F protein sequence variations outside antigenic site A: In addition to the sequence variations in antigenic site A known to confer palivizumab resistance, F protein substitutions T100A, G139S, N165D/V406I; T326A, V450A in RSV A, and T74I, A147V, I206L, S285G, V450I, T455I in RSV B were identified in viruses isolated from failures of immunoprophylaxis. These substitutions were not identified in RSV F sequences derived from 254 clinical isolates from immunoprophylaxis-naïve subjects and thus are considered treatment-associated and non-polymorphic. Recombinant RSV B encoding the S285G substitution exhibited palivizumab sensitivity (EC50 value = 0.39 ± 0.02 mcg per mL) similar to recombinant wild-type RSV B (EC50 value = 0.17 ± 0.02 mcg per mL).
Palivizumab susceptibility of RSV encoding common F protein sequence polymorphisms located proximal to antigenic site A was evaluated. Recombinant RSV A encoding N276S (EC50 value = 0.72 ± 0.07 mcg per mL), and recombinant RSV B with S276N (EC50 value = 0.42 ± 0.04 mcg per mL), exhibited sensitivities comparable to the corresponding recombinant wild-type RSV A (EC50 value = 0.63 ± 0.22 mcg per mL) and RSV B (EC50 value = 0.23 ± 0.07 mcg per mL). Likewise, RSV B clinical isolates containing the polymorphic variation V278A were at least as sensitive to neutralization by palivizumab (EC50 range 0.08-0.45 mcg per mL) as laboratory strains of wild-type RSV B (EC50 value = 0.54 ± 0.08 mcg per mL). No known polymorphic or non-polymorphic sequence variations outside the antigenic site A on RSV F have been demonstrated to render RSV resistant to neutralization by palivizumab.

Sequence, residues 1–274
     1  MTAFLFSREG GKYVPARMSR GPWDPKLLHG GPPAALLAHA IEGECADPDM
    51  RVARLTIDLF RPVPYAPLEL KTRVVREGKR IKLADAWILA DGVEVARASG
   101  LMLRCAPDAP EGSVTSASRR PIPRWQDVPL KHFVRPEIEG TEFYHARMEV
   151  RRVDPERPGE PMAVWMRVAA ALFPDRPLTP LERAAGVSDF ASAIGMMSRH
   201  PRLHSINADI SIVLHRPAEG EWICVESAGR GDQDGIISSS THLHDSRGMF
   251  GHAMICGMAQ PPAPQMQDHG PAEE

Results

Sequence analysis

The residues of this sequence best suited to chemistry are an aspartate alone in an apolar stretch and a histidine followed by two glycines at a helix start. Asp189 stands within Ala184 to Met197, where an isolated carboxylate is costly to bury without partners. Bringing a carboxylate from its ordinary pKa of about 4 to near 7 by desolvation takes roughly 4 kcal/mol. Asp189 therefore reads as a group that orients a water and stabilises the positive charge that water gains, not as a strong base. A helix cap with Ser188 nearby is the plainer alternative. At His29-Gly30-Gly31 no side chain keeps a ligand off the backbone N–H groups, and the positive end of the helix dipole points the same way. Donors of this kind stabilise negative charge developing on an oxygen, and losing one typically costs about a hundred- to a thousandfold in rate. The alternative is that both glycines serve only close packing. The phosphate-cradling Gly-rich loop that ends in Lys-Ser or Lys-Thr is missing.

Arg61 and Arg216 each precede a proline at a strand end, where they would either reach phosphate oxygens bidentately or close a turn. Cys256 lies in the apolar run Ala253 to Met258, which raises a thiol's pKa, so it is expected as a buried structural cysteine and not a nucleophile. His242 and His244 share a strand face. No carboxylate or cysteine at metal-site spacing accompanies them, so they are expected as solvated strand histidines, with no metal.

Interference of RSV Diagnostic Assays by Palivizumab
Interference with immunologically-based RSV diagnostic assays by palivizumab has been observed in laboratory studies. Rapid chromatographic/enzyme immunoassays (CIA/EIA), immunofluorescence assays (IFA), and direct immunofluorescence assays (DFA) using monoclonal antibodies targeting RSV F protein may be inhibited. Therefore, caution should be used in interpreting negative immunological assay results when clinical observations are consistent with RSV infection. A reverse transcriptase-polymerase chain reaction (RT-PCR) assay, which is not inhibited by palivizumab, may prove useful for laboratory confirmation of RSV infection [see Warnings and Precautions (5.3)].